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Pertt? Amboy Everping H?ws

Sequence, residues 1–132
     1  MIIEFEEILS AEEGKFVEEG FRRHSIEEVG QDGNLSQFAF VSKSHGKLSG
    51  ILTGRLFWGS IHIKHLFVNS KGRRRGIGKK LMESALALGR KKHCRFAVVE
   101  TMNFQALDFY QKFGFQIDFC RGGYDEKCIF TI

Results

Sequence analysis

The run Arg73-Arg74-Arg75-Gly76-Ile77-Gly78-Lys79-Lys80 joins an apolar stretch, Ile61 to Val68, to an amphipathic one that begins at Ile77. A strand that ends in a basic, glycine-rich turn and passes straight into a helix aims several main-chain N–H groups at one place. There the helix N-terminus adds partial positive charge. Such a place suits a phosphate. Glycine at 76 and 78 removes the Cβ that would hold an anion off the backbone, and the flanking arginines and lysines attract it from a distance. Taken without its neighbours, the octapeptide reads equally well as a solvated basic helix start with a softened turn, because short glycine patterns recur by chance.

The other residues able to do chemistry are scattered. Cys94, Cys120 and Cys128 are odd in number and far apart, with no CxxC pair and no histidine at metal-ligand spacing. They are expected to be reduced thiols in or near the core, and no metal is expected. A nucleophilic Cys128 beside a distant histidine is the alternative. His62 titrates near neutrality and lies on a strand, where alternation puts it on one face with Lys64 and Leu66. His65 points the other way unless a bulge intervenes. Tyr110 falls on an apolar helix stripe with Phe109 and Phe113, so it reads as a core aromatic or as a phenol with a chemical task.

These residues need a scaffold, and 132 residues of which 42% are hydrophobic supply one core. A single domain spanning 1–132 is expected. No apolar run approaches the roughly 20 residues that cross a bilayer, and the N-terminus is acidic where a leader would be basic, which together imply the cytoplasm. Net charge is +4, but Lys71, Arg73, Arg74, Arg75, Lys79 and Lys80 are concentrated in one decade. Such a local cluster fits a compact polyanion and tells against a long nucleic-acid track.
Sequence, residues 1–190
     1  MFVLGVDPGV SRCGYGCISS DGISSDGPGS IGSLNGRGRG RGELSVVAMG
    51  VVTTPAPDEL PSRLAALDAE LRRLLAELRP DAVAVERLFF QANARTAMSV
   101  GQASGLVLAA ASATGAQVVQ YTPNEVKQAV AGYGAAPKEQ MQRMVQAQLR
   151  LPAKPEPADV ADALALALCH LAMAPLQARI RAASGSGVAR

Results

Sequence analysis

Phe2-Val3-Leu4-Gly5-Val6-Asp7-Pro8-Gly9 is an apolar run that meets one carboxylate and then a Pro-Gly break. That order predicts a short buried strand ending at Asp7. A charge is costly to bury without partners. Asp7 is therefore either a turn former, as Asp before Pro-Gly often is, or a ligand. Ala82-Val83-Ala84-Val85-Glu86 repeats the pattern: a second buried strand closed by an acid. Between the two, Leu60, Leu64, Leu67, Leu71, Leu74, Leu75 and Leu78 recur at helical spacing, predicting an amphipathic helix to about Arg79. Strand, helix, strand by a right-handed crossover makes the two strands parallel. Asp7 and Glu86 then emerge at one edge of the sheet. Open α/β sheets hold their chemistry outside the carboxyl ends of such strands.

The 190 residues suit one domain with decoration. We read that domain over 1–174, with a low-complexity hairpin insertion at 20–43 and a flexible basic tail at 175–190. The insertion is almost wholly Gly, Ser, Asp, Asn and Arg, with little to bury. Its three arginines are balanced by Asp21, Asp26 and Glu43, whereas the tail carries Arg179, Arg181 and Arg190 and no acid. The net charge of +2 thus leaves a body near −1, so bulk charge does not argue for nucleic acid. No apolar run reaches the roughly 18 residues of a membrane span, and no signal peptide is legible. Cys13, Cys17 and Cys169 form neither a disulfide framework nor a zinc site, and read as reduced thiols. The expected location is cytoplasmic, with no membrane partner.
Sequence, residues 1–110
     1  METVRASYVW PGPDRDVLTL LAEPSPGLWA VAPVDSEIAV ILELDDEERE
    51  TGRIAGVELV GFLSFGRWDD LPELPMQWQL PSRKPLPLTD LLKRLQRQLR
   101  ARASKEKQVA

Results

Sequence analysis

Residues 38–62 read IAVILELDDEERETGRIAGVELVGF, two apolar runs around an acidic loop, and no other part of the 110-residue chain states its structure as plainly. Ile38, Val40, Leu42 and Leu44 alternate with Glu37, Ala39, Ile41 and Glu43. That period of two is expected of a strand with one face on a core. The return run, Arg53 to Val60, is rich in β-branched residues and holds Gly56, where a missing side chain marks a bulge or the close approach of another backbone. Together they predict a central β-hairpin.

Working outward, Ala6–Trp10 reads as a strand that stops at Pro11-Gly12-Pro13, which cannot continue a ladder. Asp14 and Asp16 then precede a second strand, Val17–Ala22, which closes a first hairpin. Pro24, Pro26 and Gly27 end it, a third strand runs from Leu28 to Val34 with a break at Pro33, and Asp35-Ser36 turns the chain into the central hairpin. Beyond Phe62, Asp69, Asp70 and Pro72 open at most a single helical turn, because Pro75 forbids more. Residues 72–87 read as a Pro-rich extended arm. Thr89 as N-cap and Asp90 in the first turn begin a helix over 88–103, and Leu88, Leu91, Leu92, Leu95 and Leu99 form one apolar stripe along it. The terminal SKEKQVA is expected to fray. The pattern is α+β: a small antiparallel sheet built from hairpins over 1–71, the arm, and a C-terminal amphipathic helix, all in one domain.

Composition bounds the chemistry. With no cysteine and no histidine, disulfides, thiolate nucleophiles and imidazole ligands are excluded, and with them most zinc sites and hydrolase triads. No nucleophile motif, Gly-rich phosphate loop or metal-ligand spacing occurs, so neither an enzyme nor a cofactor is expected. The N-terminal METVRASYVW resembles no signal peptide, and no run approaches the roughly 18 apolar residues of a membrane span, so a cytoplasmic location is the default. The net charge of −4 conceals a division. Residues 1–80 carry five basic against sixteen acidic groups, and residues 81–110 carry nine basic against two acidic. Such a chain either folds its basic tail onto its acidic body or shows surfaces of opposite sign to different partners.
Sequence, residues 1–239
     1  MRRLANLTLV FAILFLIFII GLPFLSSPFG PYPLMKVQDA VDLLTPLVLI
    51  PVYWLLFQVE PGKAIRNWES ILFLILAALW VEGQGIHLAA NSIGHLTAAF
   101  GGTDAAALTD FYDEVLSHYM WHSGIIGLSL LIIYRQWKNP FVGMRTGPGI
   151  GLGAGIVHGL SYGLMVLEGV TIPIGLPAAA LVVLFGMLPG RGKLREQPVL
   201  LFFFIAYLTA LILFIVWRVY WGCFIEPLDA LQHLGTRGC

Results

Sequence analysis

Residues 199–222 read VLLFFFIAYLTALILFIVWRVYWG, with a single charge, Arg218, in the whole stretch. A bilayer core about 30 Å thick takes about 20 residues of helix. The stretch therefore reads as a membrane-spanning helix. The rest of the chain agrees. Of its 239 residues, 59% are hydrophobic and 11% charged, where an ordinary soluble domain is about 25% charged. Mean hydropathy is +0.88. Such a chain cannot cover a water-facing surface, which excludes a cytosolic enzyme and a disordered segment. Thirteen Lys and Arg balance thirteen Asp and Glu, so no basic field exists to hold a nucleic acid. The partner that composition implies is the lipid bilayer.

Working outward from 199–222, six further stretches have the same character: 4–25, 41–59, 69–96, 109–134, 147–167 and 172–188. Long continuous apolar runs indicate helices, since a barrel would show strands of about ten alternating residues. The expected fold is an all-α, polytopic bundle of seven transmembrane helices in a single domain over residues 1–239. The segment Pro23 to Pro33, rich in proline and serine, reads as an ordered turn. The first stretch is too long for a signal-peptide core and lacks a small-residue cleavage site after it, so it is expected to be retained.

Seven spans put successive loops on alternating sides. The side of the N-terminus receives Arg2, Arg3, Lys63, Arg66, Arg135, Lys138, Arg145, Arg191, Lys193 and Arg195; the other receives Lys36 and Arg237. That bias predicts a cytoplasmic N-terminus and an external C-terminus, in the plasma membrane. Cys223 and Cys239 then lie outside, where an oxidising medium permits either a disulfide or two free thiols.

FOUNDED 1879 AS THE PERTH AMBOY REPUBLICAN. An Independent Newspaper published every afternoon, except Sundays, by the Perth Amboy Evening News Company, at 5 King Street. Peith Amboy, N. J. J. LOGAN CLEVENGER, Editor D. P. OLMSTEAD, Business Manager TERMS OK SUBSCRIPTION: The Evening News is on sale at nevvstands and delivered by regular carrier in Perth Amboy, South Amboy, Woodbridge, Carteret, Tottenville and surrounding towns for 6c per week. By mail, postage prepaid, per year $3-Oo " " "six months 1.5O BRANCH OFFICE: Newark, F. N. Sommer, 794 Broad St. Long Distance Telephone ..... 98 Entered at Post-Office as second class matter. THURSDAY, JULY 9. 1903. While on your vacation Don't for get to have The Evening News mailed to yon, and in this way keep in touch with yonr home doings. No extra oharge for mailing, and address changed as often as desired. One of ttie most noticeable things about the summer thus far i? the un usual swarms of mosquitoes which have invaded almost every part of New Jersey. This, in spite of tho activity on the part of Professor John B. Smith, the State Entomologist, arid the municipal authorities in diif erentJparts of the State. Great clouds of the mosquitoes have attacked trol ley oars, swarmed into buildings and cause 1 havoc generally. It is possible that Professor Smith's invasion of the Newark and Elizabeth meadows as well as the attacks made elsewhere on the pest, is driving the mosqiutoes out of the usual haunts in large num bers and that the first frost this fall will kill them, while the work being done in marshes and low lands may prevent the breeding next year and we may hear the last of their singing. It is to be hoped so, but this dpei afford any relief this summer ai has only begun. y p the bay t delight fishermen generally. It is to be hoped the run continues. Perth Ambov has an en viable repntation in about everything worth speaking of, fishing not except ed and this city can easily be made the center for fishinR parties from the oities. Every convenience for the visitor is offered here, the best boats on the bay are at their service and a good time is guaranteed. The settlement of the painter';" strike is an excellent thing for Perth Amboy. Now let's get to work. No where in tho State is there a more busy city nor a greater demand for mechnnios. Get on the paint and start the buildings for which plans have been drawn. Every honse will be needed when the factories now nnder construction are completed. The nttmber of power boats carrying low lamps at night is increasing and it is a decided improvement. They go so fast and in so many cMfferent directions that the light is as rnnch of a necessity as a headlight on an engine. Perth Amboy is soon to have as good a supply of water as can be found anywhere. The two new wells driven are a great success and are a decided addition. A short time aeo the prtss of the entire State was commenting on the excellent report of the Waier Department of this city, which show ed a net income for the citv aside from being self supporting. As soon as the new main is completed there is little left to do but build the storage reser voir, and this city can boast of having a water supply surpassed by none of its size in the State. Asburj Park should not feel hurt if President Rdosevelt declines the in I vitation to be present the annual baby parade. Afte* his tonr through the west he is. Reported as being quite satisfied wijh the race suicide ques tion and ja\so as having had enough of kissing; babies to last for a year at jr leasts ' Jr i f'iH ho would have believed a week or 'two ago, that we would ever see a street sprinkler at work again? EDITORIAL COMMENT. Judge Parker, of New Yorfc, is steadily growing in favor with the democracy of New Jersey, as their Presidential standard bearer next year. He is regarded as meeting all the re quirements of the situation. ? Trenton in New Yoik Herald. It has been found that an act of the Legislature prevents the loan of a flag, now stored at the State House, to California for purposes of exhibi tion. Under the law the flag3 and relics owned by New Jersey must not be taken out of the State. Wise legis lation. Why hasn't someone thought of such a scheme to prevent the junk eting trips with the Liberty Bell.? Plainfield Press. July 7 ; full summer schedule of trains in effect and yet the block sig nals of the New York and Lone Branch railroad are not in operation nor does it seem that any great efforts are being made to complete the sys tem. Uncle Rufus doesn't want them. Now isn't the rest clear? ? Asbury Park Press. The South Jersey glass factories are keeping in blast later than usual. The Trenton factories, mills and potteries, are^too Dusy to shut down for the usual summer stock taking and most of them have orders to keep them busy for a year ahead. These are gratifying evidences of business ac tivity and prosperity.? Camden Post Telegram. LOUBET'S VISIT. Many Honori Tendered to France'* President. LONDON, July 9.? Although Presi dent Loubet did not retire until long after midnight, he rose at the custom ary hour and began another long day's functions. Accompanied by Foreign Minister Deleasse, Ambassador Cam bon and his suit, the president started to visit Windsor castle. He traveled In the king's train and was met at the railroad station by the mayor and corporation of Windsor, who welcomed him to the royal bor ough. The president drove to the castle, es corted by horse guards, and inspected both the state and private apartments and visited the mausoleum at Frog more, where M. Loubet deposited a wreath on Queen Victoria's tomb. President Loubet later in returning from Aldershot scarcely had time to rest before he was driving to Lord Lansdowne's house, where he was the guest at dinner of the foreign secretary and met a company larger and scarce ly less distinguished than assembled at the French embassy dinner. The house was magnificently decorated with palms and lilies and was brilliantly il luminated. The guests included Am bassador Choate and Mrs. Choate, the other ambassadors and ministers in London. Premier Balfour, ColonipJ Sac I retary Chamberlain, Field Marshal Lord Roberts and the Duchess of Marl borough. HanMen'M Neck Broken by Auto. GREENWICH, Conn., July 0.? Fatal results attended an automobile acci dent which happened at the top of Put's hill. The victim was Captain Harry Hansen, aged thirty-six, a Swed ish sailor, chauffeur for Dr. Ogden D. Edwards. Dr. Edwards, who was in the automobile at the time of the acci dent. stepped from it just as the car overturned and had a narrow escape from death. The machine, overturn ing, fell on Hansen, breaking his neck and causing instant death. Sad UrowninK at wUlenn Falln. GLENS PALLS. N. Y.. July 9.-Ar tliur Winehlp, the fifteen-year-old son of Frank Wlnship of Glens Falls, was drowned at Glen lake while swimming. It is supposed he was taken with cramps. The b?dy was recovered im mediately after he sank, and physi cians worked over him for an hour or more, but without avail. Chautauqua Hotel Fire. JAMESTOWN, N. Y., July 9.? The Waldmere. at Lakewood, one of the chief hotels on Lake Chautauqua, has been badly damaged by fire. The house had just been opened for the season. The loss is about $10,000. . f GRAND JURY FINDS NO INDICTMENTS. Considered the Freeholder's Mat ter?Will Meet Again Next Week Frobably. As was told in the News yesterday, the graud jury toq^ up the investiga tion of the action of the Board of Fieeliolrlers in relation to road mat ters. It is believed that the investi gation is confined to the matter of the cutting down of the big hill at the Landing last year. When State Road Commissioner Budd appeared before the Board of Freeholders Inst September in regard to the payment of a bill of Van Deus>en & Oliver for work on the Landing road, which had been held up by Supervisor Howley, he declared that the Board had practically made a sift of $3,000 to the contractors. The Freeholders had, withont advertising for bids, eiven a contract to Van Densen & Oliver for the catting down of the hill on the road for $4,0C0. Mr. Bndd declared that he would do the work for $1,000. The Commissioner said that the board had paid for the work at the rate of $2 per cubic yard, the price paid for the excavating of solid rock, j He held that this hill was only shale which crumbled when exposea to the air, and that 25 or 30 cents per cubic yard would have been a good prioe for it. The members of the Sayreville Township Committee, Messrs. August 1 Rhode, Henry Arleth and William ? Burke went before the erand jury ana complained against the condition of the trolley tracks in that township. They claim that the tracks are raised from three inches to two feet above the level of the road and that thev make traffic dangerous. Jo?iah Tice and Photographer Monaghan were also witnesses in the matter. After hearing all the witnesses in the several cases the grand jury ad journed this morning, having found no indictments. VERDICT FOR PLAINTIFF. Jury Declares M s. Comfort is Insane Case to go Higher. ( Special to the Evening News.) New Brunswick, July 9: ? The ver diet of the jury in the Comfort lunacy case is that Mrs. Comfort is of un sound mind and incapable of transact in* business. All night, it is said, the jury stood 9 to 3 in favor of in sanity and it was not till 11 o'clock this morning that the verdict was arrived at. Caotain James Parker, Mrs. Com fort's attorney, says he will appeal to the Chancellor to have this decision set aside, and if that attempt is un successful he will take the case to the Court of Errors. i ' - / 1 LONG SHORE NEWS The three masted schooner Richard F. Hartley is at the Raritan Dry Dock. The tnsr Bee put in at Bnnten'sdock ! this morning. The new bulkhead along the bluff is to be out about ten feet farther ? than the old one, so as to be even with the bulkhead in front of the Oompton residence. Part of Runyon's dock had to be torn away to allow the 1 work to go on. The piles are about I three-fourths driven andja good sized ' force of workmen is kept busy. Mother Alxlncted Her Son. LIMA, O., July y.? The village of Bluffton, tliis county, was intensely ex , cited over the second abduction of a I young son of Mr. and Mrs. Eniii Kraft, I who has been living with his grand parents pending divorce proceedings between his father and mother. Mrs. ! Kraft, aided by her father, Mr. John J Adams of Cleveland, kidnaped the boy. j They were apprehended by tlie authori ' ties of Mount Cory while driving through the town and brought back to Bluffton. General Lonvxtreet 111. MACON, Ga., July 9.? A Gainesville | dispatch to the Telegraph says that General James Longstreet is danger | ously ill and that physicians will per j form an operation for the removal of i his left eye, destroyed by a cancer. On account of Ills age, eighty-one years, he may not be able to withstand the shock, though he has assented to the opera tion Old Time Spelling; Match. CHAUTAUQUA, N. Y? July 9.-An old time spelling match was held here? Ohio, Pennsylvania and New York against the world. The winners were II. C. Krebs, Summervllle, N. J.; Miss Margaret Young, Dallas, Tex., and An na Jackson, Port Deposit, Md. Sate Blower* at Ztrconla. CHARLOTTE, N. C., July 9.? A spe cial from Spartanburg, S. C., says the safe in the office of the Southern rail way at Zirconia, N. C., was blown open : and $400 taken. The money belonged i to the railroad and the Southern Ex j press company. LEHIGH VALLEY MEN 1 GET WAGES ADVANCED. ! t * Engine Drivers and Firemen get fncrase of from Ten to Twen ty Five Per Cent. The Lehigh Valley Railroad engine drivers and firemen have been granted an advance of from 10 to 25 per cent a dav. They had intended petitioning for an increase. This will make wages on the Lehigh Valley uniform, trainmen and con ductors having received an increase last month. The firemen are not al togither satisfied, but it is believed there will be no trouble over the alottment. i ABANDON PLANT IN RHODE ISLAND. I Capper Works is Bringing Much of the Material (o Local Plant for Refinirg. The old abandoned plant of the Raritan Cooper Works at Pawtucket, Rhode Island, is being demolished. A gang of laborers are ?t work tear ing down the old furnaces', the bottoms of which are very rich with gold, silver and copper. This is being sent by freight to the Perth Amboy plant where it is refined and made into bars. The work has now been going on for several weeks and it mar take all snmmer. Every piece of metal will ! be shipoed to this city. Around the ? yard of the Pawtucket plant is several piles of slag whioli is said to be very , rich in copper. The officials are ! thinking seriously of running this slag through the old blast furnace at Pawtucket, and when it is made into pig form, to ship it to this city. To get the slag together and run it through the blast furnace into the pig form and then ship it to Perth Amboy would take until late in the fall. After it comes to this city it will be run through different furnaoes until it reaches the pure metal state. Ice cream 15c pt. , 30c qt., Sexton's Drug Store. 7-9-tf DISTRICT SACHEM COMING. District Sachem John J. Woodruff, and staff, of Elizabeth, will install officers of Po Ambo Tribe No. 65 to night. All members are requested to be present as a grand time is promised. SHAMROCK'S TRIAL. lew Yacht DeatN Sial'tir Shamrock by Four MinateiJ. NEW YORK, July 9.? Over a lee Ward and windward course of thirty miles starting at Sandy Hook light ship in a rattling breeze Shamrock III. beat Shamrock I. only 4m. 5)s., official time. If the figures told the whole story the cup might be safe, but they are deceptive. It is apparent that De signer Fife and Sir Thomas Lipton are , experimenting with the new boat and j that changes are made daily in her bal last and trim to discover the effect I upon lier speed. In windward work she simply outclassed her trial horse. ' She covered the fifteen miles to windward only 2m. 59s. faster than Shamrock I. Her ballast had been removed aft, with the result that she could not point so ' high, though it did not affect her foot I ing ability. | The cup hunter will race no more i this week. Her bottom is foul, and she . will be taken into dry dock at Erie basin and her underbody cleaned and repainted. A ten knot westerly wind and a smooth sea furnished splendid condi tions for the race. The two yachts made a beautiful spectacle as, with I spinnakers set, they crossed the start ing line side by side. The wind held fresh and true beat ing back to the finish line, and Sham rock III. covered the fifteen miles in one second less than two hour's. She did no better at pointing than did Shamrock I. A falling wind at the fin ish increased her advantage. Only once in a cup race has Columbia covered the New York club course faster than Shamrock III. did, and Co lumbia's fast time was in a race having but ten miles of windward work. David Burretl, Jr., at Princeton. PRINCETON, N. J.. July 9.-David D. Burrell, son of the Rev. Dr. David J. Burrell of New York city, was or dained an evangelist in the First Pres. byterian church here. He has been ap pointed instructor in the New Testa ment department of the Theological seminary and will enter upon his du ties in the fall. General Clay Is Iniiane. I LEXINGTON, ICy., July O.-General Cassius M. Clay was pronounced by a jury at Richmond to be of unsound min$. He will be sent to an asylum, this action being ta:ken to protect his property. The aged gentleman was not in court. Physicians testified as to his mental condition. Poatmaater General's Return. WASHINGTON, July 9.? Postmaster General Payne returned to Washing ton from his brief outing in the Cat , skills. Because of fatigue he declined I to Me Inquirers en pott office matters. Another Friday! OF \ Double \ Inducements To morrow is our EXTRA. STAMP DAY To morrow you will get be sides lower prices than elsewhere, EXTRA STAMPS with the following: $1.39 Ladies white Lawn shirt Waists regular value $2.00. 30 stamps with each Waist. 5lc Ladies pearl shirt Waist sets, regular value 25c. 10 stamps with each. set 49c per pair, Ladies Black and White Silk Gloves, regul ar value 69c. 10 stamps with each pair. 49c per pair, Thompson's sum mer net Corsets, sold else where at 69c. 10 stamps with each pair. I5c each, large size knotted fringed 25c dairaask towels. 5 stamps with each towel. 39c\ach, Gent's 50c one piece bathing suits. 5 stamps with each suit. 20 extra stamps with every Ladies Wash Skirt over $1.00 in addition to the stamps your purchase entitles you to. 98c a suit, Ladies Black Mum my cloth Bathing suits, collar, yoke, sleeves, belt and skirt trimmed with 3 rows white Soutache braid, sold elsewhere at $1.50. 30 stamps with each suit. SICKLES BROS KING HONORS OUR OFFICERS. Anrrlrnn Navut OHIcptm Are Pre ar-ntuil at SucfcinsliDm Palace. LONDON. July 9.? The luncheon at the Rifio hull to the visiting American squadron was followed by a matinee performance of "The Lady Slavey"' at the Theater Royal, which was wit nessed by large detachments from all the crews of the fleet. After that the visitors attended the unveiling by the mayoress of a memorial statue to Queen Victoria. The luncheon which the Pilgrims' club gave to the Ameri can officers today was one of the most interesting functions of their visit to England. Such a number of represent ative British and American officers has seldom been seen together. All the 1 wavy and army officers were In full uniform. Vice Admiral Lord Charles Beresford presided. On his right was Rear Admiral Cotton and on his left Captain Prince Louis of Battenberg. Ambassador Choate and all the princi pal American officers were present. King Edward signally honored the officers at the state ball given at Buck ingham palace, the climax of the visit of President Loubet. His majesty form ally received Admiral Cotton, the cap tains of the American ships and twen ty-six of the junior American dtBcers, and Queen Alexandra later gave them the same distinction. The ball? the first since the accession of King Edward? was a brilliant func tion, 2,200 guests being present, includ ing President Loubet and his suit, prac tically all the ambassadors and minis ters in London, the majority of the members of the royal family, promi nent representatives of the nobility and the officers of the American and French squadrons now in British wa ters. Before the arrival of President Lou bet United States Ambassador Choate, with Secretary White attending, pre sented to his majesty the officers of the American squadron. To Rear Admiral Cotton the king ex pressed his gratification at the visit of the squadron and inquired if all ar rangements had been made for the comfort of the American officers and sailors. Admiral Cotton replied that he had fallen among friends and every care had been taken of himself and the others. His majesty had a pleasant word to say to each of the officers pre sented. The admiral, his captains and Staff Lieutenant Hussey were then presented to Queen Alexandra. During the supper several American officers were also introduced to the Prince of Wales, Field Marshal Lord Roberts and Admiral Lord Charles Beresford. Woman's Way. Her Brother ? I wouldn't have much to do with Dashdash if I were you? he ia a mere excuse for a man. She ? But ?> poor excuse is better than ?one. ? Judye. . _ I ? ? ? We liave caught a liy catch t>?' GARDEN HOSE ??d are anxious to send some of it lionie to you. I'o kei*p the ball mov ing, we announce this welcome news to bir^um hunters. This means to everybody, for who is it doesn't want their money's worth? Here are the specials we are offer ing at a profit cut to the coie. Our price: 6c, 8c, H)c per foot. I | I | I | | | ? i I i F1 82 SMITH ST. ? * Loiik Distance Tel. 20-A. ? H. & M. Tel. 18-A.; | llliBIIIIIKIIIIBIIIIHIIIIWIIBIIIIIBIllimillimilBIIIIMIIll CliUd Labor Bill KtTIeA. ATLANTA, Ga., July 9. -The Rouse of representatives of the general as sembly by a vote of S9 to 75 killed the child labor bill. Tire measurp prevented "the employing of children in cotton mills under a ecrU< : n age limit. Wrapper Offering. At 69 cents. Womens' Wrappers, made of good quality Calico, in blue, black and red, nicely trimmed, \alue &5c. At 85 cents. Worn' us' Wrappers, made of gooi quality Per. ale, iu light aud dark patterns, nicely tritnsi"d with braid and dip tlounce, sizes 32 to 48, val. 1.25. At 98 cents. Womens' Wrappers, made of fine quality Liawn and Cambric, in daik and light patterns, with dip flounce, value 1.49. Philip Levine. THE NEW CLOAK STORE, 351 State Street * * * * * We can help you by selling you a > Straw Hat, Summer Shirt, j or other articles in the line of Men's Slimmer Furnishings. I Give Us a Call. J. H. HOPE & CO. I 77 SMITH STREET I AGENTS FOR Hawes $3.00 Hat a, ? American Steam Laundry. ; ? Sol. Rubenstein. Howard Hope. ? Money to loan ON HOUSEHOLD GOODS AT LOWEST RATE ON SHORTEST NOTICE ON SMALLEST PAYMENTS Perth Amboy Loan COMPANY Branch of Now Brunswick Loan Co. '? Room 15 Scheuer Building Cor. Smith 8treet and q?.il u t New Brunswick Ave, rertn AHlDOy, N. J. Hours: 8 a. m. till 6 p. m. P. 8.? If you cannot call, drop us a line, and upon reoeipt of same our represent ative will oall at your bouse and ex plain terms, eto. MojCharea Unless Loan Is Made.